It started at the top. After sounding like a more conventional death metal vocalist on both Harmony Corruption and the Benediction debut Subconscious Terror, Barney was unleashed on Utopia. From the moment he bellows out the title of the classic “I Abstain,” his gruff, voluminous roar was pretty much fully formed. In the history of metal and grind, only Barney can turn the sound of a dog barking with a mouthful of peanut butter into something so intensely rageful and constantly magnetic. Barney’s belligerence ‒ which wasn’t just limited to the behavior that earned him his nickname ‒ was another huge factor. He could simultaneously sound like a person having a tantrum and the leader of a massive protest, all while having the vocal power of a bulldozer. Even in 1992 he possessed more charisma than most of his peers. His roar of “Open your eyes!” later in “I Abstain” comes across as a call-to-arms; the way he dry-heaves out the album title in “Christening of the Blind” sounds like a resignation to postmodern fate; and his delivery of the song title in “Upward and Uninterested” is damn-near catchy, despite being an obvious indictment on capitalism and the insatiable greed of the ruling class.
It goes without saying that Barney’s performance is all the more enhanced by him being actually pissed off. Eternally pissed off. Eternally extremely pissed off. And naturally, the lyrics penned by both Barney and Embury are as scathing as those on any Napalm Death record. “Awake (To a Life of Misery)” fittingly opens with a quote from the John Carpenter classic They Live before stating that the working class is made up of mere “Maggots, cast in the sea of struggle / Bait for the big fish.” The aforementioned “Upward and Uninterested” derides the ways in which financial greed is spun as a virtue: “Hailed a saviour as enterprise succeeds” and later “Words that distort to promote financial genocide.”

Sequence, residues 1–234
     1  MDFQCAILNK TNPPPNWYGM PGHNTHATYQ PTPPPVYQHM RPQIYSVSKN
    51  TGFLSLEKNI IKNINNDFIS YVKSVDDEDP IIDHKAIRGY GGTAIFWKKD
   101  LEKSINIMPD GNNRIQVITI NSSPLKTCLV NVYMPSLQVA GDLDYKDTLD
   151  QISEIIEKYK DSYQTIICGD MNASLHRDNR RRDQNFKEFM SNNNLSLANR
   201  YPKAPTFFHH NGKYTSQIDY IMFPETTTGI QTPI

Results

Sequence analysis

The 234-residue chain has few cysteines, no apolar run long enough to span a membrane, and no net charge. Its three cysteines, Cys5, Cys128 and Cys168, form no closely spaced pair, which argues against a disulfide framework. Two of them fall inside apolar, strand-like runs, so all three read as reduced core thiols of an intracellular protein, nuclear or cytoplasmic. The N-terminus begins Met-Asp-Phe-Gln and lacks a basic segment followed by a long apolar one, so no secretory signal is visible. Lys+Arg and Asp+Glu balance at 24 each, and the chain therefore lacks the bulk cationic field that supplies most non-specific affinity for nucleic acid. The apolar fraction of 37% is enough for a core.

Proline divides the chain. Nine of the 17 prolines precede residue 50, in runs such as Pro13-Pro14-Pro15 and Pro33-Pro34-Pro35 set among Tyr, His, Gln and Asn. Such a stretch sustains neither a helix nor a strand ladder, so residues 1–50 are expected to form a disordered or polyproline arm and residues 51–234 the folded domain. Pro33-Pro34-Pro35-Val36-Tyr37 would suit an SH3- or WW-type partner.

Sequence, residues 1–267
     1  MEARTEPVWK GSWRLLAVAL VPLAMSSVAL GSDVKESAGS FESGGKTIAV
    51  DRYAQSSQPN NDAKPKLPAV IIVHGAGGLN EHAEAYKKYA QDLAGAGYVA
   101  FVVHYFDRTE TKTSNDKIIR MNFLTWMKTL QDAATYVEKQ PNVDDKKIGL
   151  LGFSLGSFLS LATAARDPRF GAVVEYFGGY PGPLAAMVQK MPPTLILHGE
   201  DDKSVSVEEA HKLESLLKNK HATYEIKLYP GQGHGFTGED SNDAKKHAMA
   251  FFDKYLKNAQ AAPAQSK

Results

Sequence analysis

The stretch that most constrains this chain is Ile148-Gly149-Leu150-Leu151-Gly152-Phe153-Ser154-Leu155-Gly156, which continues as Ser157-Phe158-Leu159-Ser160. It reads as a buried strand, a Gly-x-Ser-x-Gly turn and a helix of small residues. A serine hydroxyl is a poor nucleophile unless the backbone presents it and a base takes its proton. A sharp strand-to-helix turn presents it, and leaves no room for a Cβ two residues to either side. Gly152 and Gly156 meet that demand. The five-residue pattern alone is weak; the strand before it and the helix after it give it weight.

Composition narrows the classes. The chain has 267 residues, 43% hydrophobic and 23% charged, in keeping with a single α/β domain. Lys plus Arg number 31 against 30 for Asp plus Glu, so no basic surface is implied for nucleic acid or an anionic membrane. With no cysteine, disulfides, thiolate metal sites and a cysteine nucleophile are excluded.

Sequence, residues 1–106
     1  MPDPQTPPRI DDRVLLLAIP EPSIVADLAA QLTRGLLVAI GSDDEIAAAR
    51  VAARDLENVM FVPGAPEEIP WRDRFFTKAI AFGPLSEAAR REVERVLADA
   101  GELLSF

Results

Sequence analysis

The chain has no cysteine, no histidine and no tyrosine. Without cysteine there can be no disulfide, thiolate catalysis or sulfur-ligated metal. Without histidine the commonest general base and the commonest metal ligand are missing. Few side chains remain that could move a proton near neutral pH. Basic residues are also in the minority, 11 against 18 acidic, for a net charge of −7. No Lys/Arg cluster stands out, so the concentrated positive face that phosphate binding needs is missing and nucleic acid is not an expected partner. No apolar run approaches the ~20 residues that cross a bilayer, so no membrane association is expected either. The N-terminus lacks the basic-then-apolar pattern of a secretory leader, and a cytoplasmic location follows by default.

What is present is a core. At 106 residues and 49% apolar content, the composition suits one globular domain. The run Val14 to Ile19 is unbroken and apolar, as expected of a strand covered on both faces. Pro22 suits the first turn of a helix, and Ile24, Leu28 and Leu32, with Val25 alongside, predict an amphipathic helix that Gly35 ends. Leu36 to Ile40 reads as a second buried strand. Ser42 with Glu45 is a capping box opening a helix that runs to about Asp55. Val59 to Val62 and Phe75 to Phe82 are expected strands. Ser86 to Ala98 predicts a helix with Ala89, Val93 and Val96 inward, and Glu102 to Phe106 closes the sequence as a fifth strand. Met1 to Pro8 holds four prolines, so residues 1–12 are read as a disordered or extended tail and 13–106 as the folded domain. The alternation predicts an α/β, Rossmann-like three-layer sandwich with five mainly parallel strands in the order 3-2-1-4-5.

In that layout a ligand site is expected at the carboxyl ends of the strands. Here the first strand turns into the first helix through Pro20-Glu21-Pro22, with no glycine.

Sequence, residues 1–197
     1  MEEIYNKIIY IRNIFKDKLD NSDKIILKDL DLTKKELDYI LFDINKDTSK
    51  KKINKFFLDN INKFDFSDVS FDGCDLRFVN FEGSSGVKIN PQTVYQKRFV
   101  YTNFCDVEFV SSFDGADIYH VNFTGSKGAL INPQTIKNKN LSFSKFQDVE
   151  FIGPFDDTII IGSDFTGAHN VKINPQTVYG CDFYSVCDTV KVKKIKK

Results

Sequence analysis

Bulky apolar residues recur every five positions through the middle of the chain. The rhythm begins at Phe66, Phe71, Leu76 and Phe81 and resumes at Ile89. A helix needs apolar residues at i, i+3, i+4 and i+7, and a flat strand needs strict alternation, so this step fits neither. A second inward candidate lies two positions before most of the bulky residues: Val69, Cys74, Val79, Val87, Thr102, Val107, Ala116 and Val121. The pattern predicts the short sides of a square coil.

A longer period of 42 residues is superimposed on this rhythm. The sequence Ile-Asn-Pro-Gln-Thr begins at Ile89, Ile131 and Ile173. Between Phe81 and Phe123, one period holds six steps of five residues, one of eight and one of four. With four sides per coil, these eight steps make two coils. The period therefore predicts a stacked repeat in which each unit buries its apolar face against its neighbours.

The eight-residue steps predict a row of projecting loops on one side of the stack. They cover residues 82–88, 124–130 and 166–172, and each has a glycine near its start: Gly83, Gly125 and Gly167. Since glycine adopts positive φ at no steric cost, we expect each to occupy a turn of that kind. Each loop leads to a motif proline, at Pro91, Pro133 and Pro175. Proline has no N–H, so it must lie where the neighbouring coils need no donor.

But no song carries quite the level of rage as “Aryanisms,” which obviously takes aim at racial prejudice and the personal insecurities that are quite often intertwined with white supremacy. You can almost picture the loathsome Unite the Right marchers wielding their tiki torches as Barney screams “Your distinction threatened? ‒ absurd!!” The song also gets into how holding onto such hatred isn’t just exhausting, but absolutely perplexing: “I cannot begin to comprehend how you wear such shame with vigor – homophobic, race antagonist.” The members of Napalm Death go beyond beyond mere anger to express confusion and sadness at so much of what they see around them. It was little surprise when they covered the Dead Kennedys classic “Nazi Punks Fuck Off” a year later and included “Aryanisms” on the single release.